From CompliNEWS | Financial Service Intelligence Watch
Returning to fundamentals: locating and safeguarding your data
As the hybrid world of remote and in-person working has been normalised, some businesses are hosting events and conferences using 3D and digital avatars to provide a more interactive space to meet with colleagues and entertain clients. The concept of the metaverse is not formally defined but is generally accepted to include this type of virtual reality. It is not yet clear whether the metaverse is a passing phase or the future way of doing business.
A business working in the metaverse or starting its journey with the use of collaborative tools is creating digital information at an exponential rate. As we have discussed in our recent article there is great value to be derived from getting its electronic house in order and digitising subject matter expertise, such as curating training sets for generative AI for investing in the future.
Conversely, by expanding its digital world and business footprint into a spider web of complexity, meeting the regulatory needs to organise and label data becomes increasingly difficult. When there are multiple forms of business communication channels, businesses are no longer simply checking project folders, emails and hardcopy files in offices to respond to information requests. It becomes imperative to know where information resides in responding to regulatory and compliance requirements timeously.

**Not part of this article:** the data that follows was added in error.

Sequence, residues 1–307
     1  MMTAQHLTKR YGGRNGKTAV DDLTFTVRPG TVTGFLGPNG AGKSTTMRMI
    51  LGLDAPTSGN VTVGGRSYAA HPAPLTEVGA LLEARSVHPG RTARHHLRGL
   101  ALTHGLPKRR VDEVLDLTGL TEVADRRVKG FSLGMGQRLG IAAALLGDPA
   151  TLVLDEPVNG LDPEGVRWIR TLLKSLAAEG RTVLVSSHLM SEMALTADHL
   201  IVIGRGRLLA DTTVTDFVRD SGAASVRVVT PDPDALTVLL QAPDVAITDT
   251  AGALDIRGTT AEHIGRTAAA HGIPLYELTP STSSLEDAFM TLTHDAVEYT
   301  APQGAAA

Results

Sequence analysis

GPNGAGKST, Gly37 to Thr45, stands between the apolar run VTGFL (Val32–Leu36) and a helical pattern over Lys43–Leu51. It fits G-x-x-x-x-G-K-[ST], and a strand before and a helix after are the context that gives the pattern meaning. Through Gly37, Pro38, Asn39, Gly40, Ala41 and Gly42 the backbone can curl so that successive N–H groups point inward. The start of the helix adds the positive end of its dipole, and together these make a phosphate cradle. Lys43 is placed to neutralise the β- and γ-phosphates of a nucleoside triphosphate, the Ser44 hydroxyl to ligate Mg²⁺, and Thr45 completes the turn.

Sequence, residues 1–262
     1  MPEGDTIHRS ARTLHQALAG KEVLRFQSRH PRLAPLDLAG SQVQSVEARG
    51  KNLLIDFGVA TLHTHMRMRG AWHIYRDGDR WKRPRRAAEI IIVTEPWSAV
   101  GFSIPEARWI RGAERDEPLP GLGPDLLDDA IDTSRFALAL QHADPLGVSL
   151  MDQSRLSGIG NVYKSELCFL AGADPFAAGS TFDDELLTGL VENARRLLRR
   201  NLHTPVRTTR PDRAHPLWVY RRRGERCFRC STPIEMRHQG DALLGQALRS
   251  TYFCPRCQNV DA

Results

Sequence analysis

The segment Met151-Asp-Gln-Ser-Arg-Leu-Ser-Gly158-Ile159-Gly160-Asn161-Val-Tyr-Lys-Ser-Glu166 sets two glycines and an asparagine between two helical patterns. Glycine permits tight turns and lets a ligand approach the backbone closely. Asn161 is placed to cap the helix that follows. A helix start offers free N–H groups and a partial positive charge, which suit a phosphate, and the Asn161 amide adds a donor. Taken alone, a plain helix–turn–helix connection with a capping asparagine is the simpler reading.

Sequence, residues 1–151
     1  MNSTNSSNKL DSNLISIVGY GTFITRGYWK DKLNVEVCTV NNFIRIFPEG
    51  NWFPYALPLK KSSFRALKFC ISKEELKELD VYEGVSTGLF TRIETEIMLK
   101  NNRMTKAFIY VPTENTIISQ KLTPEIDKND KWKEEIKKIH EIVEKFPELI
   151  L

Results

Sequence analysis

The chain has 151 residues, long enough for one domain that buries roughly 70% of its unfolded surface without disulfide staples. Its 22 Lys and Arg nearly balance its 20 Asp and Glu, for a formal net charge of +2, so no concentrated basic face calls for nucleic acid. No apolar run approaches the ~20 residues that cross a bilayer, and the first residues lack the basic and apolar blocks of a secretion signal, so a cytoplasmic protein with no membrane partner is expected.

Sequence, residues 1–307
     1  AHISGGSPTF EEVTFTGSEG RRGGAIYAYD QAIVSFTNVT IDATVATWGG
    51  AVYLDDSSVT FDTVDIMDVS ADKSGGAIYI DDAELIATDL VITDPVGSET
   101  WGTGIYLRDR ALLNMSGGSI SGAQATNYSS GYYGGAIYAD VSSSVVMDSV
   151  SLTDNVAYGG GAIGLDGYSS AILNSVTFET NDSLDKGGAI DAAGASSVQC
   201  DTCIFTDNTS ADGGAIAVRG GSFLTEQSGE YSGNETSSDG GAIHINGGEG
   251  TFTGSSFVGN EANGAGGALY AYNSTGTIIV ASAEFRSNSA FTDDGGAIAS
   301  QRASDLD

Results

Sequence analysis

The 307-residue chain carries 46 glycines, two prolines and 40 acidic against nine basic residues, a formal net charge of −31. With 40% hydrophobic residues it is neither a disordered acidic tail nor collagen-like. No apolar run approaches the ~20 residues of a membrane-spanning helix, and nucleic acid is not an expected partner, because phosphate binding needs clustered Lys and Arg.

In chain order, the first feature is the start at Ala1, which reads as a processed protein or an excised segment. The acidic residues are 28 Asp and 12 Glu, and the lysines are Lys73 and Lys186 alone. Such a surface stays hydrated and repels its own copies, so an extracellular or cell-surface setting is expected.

Here are some of the key scenarios when knowing where your data resides becomes time critical:
- Dawn raids – by its very nature, on an unexpected morning, a business may need to advise regulators on where information potentially relevant to their investigation resides to prevent an overinclusive raid of its premises and infrastructure.
- Cyber breach – criminals may lock a business out of its own data meaning it is unable to assess what data has been stolen, making it very difficult to comply with data privacy rules, such as, notification to those individuals or entities that may have been impacted by the breach.
- Data subject access request – there is a very short timeline to respond to a request from a data subject to provide all information held about them.
- Litigation – failure to preserve in place information that may become relevant to the litigation can result in adverse findings being drawn. A successful negotiation or court outcome often hinges on factual evidence and could mean that you are not in the best position to negotiate or defend your position if you can’t find, or weren’t aware of, that piece of evidence to support your case.
- Forensic investigation – once a bad player gets wind of an investigation they will do everything in their power to delete any evidence of wrongdoing.
The next business challenge is identifying personal information within its data and the decision on whether it requires data anonymisation or redaction. This is a complex topic and depends on the use case for the data set. Typically, data anonymisation is used when a business wants to derive value from its data for business analysis purposes and data redaction is used when a business is handing over data to a third party in response to a regulatory or compliance requirement.